He said there are very few places we might consider “even barely adequate” in the number of mental health professionals.

But even if there are enough mental health workers, that may not be enough to help.

McKinney said that mental health treatment should be available outside of typical clinics because many people, particularly people of color, are reluctant to seek care in these settings “for very well-founded reasons.”

McKinney leads the National Black Women’s Justice Institute, which is working with schools to help with “trauma-informed, gender-responsive and culturally affirming responses to gender-based violence,” she said. That violence has increased since kids have returned to classrooms.

“That time that young people were at home, not with each other in school settings, they kind of forgot how do you interact with folks in a safe and caring way,” McKinney said. “And so we’re seeing a lot of behaviors among young people because of the kind of alienation and kind of loss of socialization that has happened to them during the pandemic.”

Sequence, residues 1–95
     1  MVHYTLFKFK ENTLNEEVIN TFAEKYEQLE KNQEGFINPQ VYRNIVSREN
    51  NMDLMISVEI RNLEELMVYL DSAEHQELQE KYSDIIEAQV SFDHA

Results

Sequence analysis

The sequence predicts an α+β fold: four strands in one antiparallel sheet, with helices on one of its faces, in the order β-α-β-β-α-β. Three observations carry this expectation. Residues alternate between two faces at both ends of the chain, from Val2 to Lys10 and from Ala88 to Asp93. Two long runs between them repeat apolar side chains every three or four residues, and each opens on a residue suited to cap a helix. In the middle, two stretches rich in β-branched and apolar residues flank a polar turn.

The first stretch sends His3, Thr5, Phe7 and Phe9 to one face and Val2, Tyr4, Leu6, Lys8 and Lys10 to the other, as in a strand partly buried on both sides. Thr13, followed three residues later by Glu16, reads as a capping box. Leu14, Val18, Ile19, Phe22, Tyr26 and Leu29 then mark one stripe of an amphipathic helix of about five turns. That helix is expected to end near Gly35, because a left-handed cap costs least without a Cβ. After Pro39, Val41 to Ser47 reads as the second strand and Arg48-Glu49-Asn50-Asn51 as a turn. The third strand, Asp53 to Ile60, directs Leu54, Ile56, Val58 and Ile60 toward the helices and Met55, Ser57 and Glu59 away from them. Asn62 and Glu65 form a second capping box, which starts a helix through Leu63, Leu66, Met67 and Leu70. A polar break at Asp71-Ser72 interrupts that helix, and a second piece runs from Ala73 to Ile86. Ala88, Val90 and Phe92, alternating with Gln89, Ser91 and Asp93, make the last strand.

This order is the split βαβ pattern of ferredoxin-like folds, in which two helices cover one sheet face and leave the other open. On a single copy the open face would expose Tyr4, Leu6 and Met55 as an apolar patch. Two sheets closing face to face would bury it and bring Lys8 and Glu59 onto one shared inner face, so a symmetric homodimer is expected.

>>>Read: As Pandemic Worsens Students’ Mental Health, WCCUSD Tries to Keep Up

The panelists all offered advice on approaches to treatment, beginning with adults recognizing what’s going on with children.

“Sometimes, we do not talk about kids,” Shapiro said. “We want to help them. … But sometimes we just don’t have time or willingness, or we are just afraid of finding out what’s happening.”

He also said primary care physicians need to be given the tools to get the process started beyond just giving patients a referral to someone who will likely not be available for a long time.